|Città di Afragola
(former, until 1935, Comune di Afragola)
|• Total||17.99 km2 (6.95 sq mi)|
|Elevation||43 m (141 ft)|
|Population (December 31, 2011)|
|• Density||3,500/km2 (9,200/sq mi)|
|Time zone||CET (UTC+1)|
|• Summer (DST)||CEST (UTC+2)|
|Patron saint||St. January|
|Saint day||September 19|
Afragola (Italian pronunciation: [afraˈɡoːla]; Neapolitan: Afravóla; Afragolese dialect: Afraóra) is a city and comune in the province of Naples, southern Italy. It is one of the 100 largest Italian cities (the ones that have a population of more than 50,000 inhabitants).
The communal territory, measuring 18 square kilometres (7 square miles), borders the municipalities of Acerra, Casalnuovo di Napoli, Caivano, Cardito and Casoria, forming a single metropolitan area of around 100,000 inhabitants. The comune of Afragola is one of the most densely populated of the country.
- Baroque sanctuary-basilica of St. Anthony's sanctuary-basilica. It was begun in 1633 and has a nave with two aisles, internally decorated with marbles. The bell tower was constructed from 1590.
- The castle, documented from 1495, was likely built from around 1420. According to the tradition, it was a residence of queen Joanna II of Naples. It currently houses a childhood school.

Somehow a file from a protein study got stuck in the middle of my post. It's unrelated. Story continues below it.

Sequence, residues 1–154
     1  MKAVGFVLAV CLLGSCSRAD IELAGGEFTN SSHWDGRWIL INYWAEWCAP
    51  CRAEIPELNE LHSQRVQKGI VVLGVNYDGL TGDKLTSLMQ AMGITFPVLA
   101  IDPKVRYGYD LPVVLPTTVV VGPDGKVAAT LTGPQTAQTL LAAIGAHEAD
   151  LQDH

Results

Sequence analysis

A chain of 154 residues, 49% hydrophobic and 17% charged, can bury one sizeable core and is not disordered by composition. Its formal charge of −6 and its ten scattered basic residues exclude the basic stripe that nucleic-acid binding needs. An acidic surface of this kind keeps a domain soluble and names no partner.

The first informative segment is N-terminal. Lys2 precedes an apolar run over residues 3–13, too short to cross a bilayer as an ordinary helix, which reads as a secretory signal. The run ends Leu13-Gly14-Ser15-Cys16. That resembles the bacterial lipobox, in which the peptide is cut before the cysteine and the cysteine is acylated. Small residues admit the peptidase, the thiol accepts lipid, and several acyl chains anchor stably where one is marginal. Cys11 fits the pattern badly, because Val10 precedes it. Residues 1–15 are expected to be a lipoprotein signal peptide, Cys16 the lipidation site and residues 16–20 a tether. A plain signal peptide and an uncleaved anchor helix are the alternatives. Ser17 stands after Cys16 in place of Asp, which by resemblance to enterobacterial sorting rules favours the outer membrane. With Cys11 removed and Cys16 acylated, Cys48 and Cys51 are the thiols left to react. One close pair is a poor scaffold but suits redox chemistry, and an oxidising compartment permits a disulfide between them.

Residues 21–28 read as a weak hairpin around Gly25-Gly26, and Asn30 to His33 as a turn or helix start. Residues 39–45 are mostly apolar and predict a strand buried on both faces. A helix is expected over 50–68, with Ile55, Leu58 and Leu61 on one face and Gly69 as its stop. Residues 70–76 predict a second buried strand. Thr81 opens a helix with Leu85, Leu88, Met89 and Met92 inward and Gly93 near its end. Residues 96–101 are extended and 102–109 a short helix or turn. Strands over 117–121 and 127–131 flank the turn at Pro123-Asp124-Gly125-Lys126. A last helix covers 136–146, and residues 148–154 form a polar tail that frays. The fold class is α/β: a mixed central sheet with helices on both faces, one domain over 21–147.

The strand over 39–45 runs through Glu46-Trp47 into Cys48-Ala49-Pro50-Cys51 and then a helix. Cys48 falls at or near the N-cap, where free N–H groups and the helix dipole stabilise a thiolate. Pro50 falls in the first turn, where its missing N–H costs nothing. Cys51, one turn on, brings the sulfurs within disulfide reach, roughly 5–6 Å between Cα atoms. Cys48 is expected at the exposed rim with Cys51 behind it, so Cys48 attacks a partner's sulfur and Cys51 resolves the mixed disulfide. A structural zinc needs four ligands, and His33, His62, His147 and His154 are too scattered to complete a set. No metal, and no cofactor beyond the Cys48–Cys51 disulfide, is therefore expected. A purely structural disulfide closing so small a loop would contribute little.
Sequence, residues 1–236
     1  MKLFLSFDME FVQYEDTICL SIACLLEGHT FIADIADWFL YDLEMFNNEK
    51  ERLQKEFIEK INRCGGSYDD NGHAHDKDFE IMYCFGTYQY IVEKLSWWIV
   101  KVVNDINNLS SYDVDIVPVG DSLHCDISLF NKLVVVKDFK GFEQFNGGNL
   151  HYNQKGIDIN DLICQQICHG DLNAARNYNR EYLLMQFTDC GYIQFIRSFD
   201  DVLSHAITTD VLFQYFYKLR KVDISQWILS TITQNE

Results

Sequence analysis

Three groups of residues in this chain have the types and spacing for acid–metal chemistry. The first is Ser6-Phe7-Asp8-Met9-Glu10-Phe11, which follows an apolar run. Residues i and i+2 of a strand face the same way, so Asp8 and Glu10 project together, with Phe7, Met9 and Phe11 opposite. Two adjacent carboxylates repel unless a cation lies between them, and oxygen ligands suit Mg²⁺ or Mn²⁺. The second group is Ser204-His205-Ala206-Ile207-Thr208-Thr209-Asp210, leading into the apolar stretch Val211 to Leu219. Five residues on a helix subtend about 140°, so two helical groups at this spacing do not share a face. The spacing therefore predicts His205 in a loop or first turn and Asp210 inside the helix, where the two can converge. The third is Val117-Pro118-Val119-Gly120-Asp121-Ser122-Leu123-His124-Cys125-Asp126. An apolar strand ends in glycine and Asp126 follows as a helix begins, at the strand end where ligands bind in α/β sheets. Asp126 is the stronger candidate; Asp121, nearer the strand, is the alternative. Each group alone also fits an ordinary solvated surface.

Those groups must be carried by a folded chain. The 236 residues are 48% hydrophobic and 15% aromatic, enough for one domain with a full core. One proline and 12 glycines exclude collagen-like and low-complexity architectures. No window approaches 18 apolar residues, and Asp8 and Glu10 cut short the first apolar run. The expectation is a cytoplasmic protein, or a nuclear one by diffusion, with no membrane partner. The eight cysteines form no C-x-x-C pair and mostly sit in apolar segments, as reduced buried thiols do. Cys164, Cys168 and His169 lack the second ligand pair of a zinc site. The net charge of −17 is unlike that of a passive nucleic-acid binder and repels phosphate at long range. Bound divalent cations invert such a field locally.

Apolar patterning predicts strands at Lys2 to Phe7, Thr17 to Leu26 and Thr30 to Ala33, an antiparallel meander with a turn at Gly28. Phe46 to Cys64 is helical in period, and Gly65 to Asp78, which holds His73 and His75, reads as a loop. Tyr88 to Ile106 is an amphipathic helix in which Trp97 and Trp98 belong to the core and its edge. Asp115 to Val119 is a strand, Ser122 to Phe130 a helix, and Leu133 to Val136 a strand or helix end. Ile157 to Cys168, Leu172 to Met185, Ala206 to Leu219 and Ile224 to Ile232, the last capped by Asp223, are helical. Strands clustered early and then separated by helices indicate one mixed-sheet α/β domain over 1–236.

- Church of Santa Maria d'Ajello, founded in 1190. It houses works by Giovan Angelo Criscuolo, Alessandro Viola (1695) and Angelo Mozzillo.
- Church of San Marco in Sylvis, built around 1179. On its external wall is a slab on which, according to the legend, once sat both St. Mark and St. Januarius.
- Church of San Marco all'Olmo, built in 1615.
- Palazzo Migliore (17th century)
- Parish church of San Giorgio Martire, built in 1695-1702
The public bus transport is managed by CTP, serving internal connections as well as to the nearby communes of Caserta, Naples and others.
Afragola is the seat of one of the largest camorra clan of the area, that led by Anna Mazza. In 1999 and 2005 the communal council was disbanded by rule of the President of Italian Republic due to mafia allegiance of some of its members.